Chevron: Workers at major gas facilities in Australia are striking

  • Written by Annabelle Liang
  • Business reporter

photo caption,

The Chevron Wheatstone plant in Western Australia supplies LNG to global markets

Workers at two large liquefied natural gas (LNG) terminals in Australia, operated by US energy giant Chevron, are set to go on strike from September 7, in a move that could send global prices soaring.

This comes after weeks of negotiations with unions over wages and working conditions.

Chevron told the BBC it would “continue to take the necessary steps to maintain safe and reliable operations in the event of a disruption to our facilities”.

The Wheatstone and Gorgon sites produce more than 5% of the world’s LNG.

Fears of strikes have recently led to higher wholesale gas prices in Europe.

Currently, approximately 500 workers work at Chevron’s two facilities in Western Australia.

“While we do not believe that industrial action is necessary to reach an agreement, we understand that employees have the right to take a protected industrial action,” Chevron said in a statement on Tuesday.

She added that she “will continue to work through the negotiation process as we seek to achieve results in the interest of the employees and the company.”

The Offshore Alliance – a partnership of two unions representing energy workers, including those at Chevron – said it was trying to reach agreement with the company on “several key issues” including wages, job security, rosters and training standards.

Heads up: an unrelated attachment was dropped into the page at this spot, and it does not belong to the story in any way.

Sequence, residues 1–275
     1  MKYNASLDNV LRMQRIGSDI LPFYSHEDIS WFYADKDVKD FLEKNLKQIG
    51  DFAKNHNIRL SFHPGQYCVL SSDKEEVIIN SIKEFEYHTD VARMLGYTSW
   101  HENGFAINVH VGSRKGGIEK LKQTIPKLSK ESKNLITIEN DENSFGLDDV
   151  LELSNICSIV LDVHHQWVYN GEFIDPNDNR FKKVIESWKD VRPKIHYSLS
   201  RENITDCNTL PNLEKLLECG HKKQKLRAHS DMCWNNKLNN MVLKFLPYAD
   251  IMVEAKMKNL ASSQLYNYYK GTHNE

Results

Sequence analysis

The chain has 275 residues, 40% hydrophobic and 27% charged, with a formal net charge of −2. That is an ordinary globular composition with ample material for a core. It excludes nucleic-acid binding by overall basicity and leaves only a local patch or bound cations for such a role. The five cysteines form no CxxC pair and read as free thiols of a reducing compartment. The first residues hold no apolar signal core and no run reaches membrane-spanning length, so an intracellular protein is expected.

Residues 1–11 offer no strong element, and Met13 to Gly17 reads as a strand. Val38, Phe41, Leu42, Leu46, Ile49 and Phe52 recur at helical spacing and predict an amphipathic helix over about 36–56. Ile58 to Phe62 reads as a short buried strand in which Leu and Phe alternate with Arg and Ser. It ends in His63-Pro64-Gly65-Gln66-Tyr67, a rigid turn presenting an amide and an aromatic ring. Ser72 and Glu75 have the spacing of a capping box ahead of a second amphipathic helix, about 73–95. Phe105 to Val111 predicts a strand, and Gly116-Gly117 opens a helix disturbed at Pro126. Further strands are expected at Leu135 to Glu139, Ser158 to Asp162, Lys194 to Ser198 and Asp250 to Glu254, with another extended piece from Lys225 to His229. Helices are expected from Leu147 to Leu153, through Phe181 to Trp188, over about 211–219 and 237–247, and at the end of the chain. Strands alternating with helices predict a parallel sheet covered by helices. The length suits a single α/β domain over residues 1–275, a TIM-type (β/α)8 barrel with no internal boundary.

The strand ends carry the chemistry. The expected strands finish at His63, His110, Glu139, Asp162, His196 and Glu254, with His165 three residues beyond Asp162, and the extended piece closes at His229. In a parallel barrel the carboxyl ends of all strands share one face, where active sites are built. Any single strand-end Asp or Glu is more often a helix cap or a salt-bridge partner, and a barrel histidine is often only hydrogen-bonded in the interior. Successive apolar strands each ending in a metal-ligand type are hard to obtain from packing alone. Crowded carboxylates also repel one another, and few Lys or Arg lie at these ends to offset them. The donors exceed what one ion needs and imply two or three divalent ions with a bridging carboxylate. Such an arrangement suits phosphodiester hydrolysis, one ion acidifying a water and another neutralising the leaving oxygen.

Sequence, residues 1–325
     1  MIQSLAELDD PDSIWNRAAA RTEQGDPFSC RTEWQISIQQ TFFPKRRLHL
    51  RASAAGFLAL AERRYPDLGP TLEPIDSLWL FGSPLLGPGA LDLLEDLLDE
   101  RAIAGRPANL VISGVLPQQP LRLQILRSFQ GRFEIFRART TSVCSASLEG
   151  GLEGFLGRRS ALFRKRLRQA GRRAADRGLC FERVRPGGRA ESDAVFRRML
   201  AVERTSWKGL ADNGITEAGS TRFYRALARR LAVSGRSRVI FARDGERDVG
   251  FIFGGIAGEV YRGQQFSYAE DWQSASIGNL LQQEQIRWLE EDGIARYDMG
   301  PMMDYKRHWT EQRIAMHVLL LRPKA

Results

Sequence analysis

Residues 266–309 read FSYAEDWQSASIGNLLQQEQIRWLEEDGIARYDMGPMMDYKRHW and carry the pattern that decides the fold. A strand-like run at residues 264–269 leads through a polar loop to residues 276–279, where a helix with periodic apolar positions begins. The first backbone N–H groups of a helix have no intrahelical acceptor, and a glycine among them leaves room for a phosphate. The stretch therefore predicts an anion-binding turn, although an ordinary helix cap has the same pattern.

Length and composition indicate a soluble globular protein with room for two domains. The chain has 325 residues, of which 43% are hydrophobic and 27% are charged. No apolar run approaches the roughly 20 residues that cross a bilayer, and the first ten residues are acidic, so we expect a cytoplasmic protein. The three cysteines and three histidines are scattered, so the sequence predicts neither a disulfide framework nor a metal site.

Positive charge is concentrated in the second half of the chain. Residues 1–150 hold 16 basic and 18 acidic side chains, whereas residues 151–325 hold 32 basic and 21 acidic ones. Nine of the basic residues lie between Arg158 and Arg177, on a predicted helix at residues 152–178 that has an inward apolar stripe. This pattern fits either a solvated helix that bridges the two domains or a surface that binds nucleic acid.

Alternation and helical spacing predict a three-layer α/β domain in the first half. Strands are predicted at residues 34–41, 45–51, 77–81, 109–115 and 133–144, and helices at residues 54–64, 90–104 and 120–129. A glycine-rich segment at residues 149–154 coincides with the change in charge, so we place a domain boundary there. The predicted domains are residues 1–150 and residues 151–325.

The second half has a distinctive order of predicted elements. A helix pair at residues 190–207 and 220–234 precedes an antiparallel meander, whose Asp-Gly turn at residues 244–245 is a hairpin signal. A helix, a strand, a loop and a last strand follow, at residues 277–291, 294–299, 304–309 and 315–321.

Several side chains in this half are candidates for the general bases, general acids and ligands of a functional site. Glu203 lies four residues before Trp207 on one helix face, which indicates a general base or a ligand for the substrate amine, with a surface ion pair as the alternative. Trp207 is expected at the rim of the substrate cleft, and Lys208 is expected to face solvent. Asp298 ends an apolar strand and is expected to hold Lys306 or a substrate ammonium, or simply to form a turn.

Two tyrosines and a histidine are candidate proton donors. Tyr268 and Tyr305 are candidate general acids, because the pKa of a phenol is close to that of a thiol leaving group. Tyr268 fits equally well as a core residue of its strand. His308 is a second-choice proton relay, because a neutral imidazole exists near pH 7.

It added that workers were “consistently disappointed by the company’s approach to negotiations with the union and Chevron’s failure to apply the Industry Standards Agreement to the work they perform for the company.”

The coalition did not immediately respond to a BBC request for comment on the details of the strike plans.

“We may see work stoppages for short periods of the day, and a ban on certain businesses such as helicopter unloading. These measures create inefficiency and could lead to minor disruptions to production,” said energy analyst Saul Kavonic.

Kavonic now expects the strike to have a limited impact on global gas prices. However, he warned that energy prices could rise if industrial work intensifies.

“In the event of a large-scale supply disruption for a prolonged period, which is highly unlikely, prices may return towards the crisis levels seen last year (after the Russian invasion of Ukraine),” he added.

On Thursday, Woodside said it had reached an agreement in principle with unions representing workers at its North West Shelf plant.

Together, the Woodside and Chevron plants account for about 10% of the world’s LNG supply.

Russia cut natural gas supplies to Europe after the start of the Ukraine war in 2021.

This has led to higher prices around the world and prompted countries to look for alternative sources of energy, such as liquefied natural gas.

Australia is one of the world’s largest exporters of liquefied natural gas, and its supplies have helped calm global energy prices.

LNG is methane, or methane mixed with ethane, cleaned of impurities and cooled to a temperature of approximately -160°C.

This turns the gas into a liquid which can then be shipped onto tankers.

At its destination, the LNG is converted back into gas and used, like any other natural gas, for heating, cooking and power.

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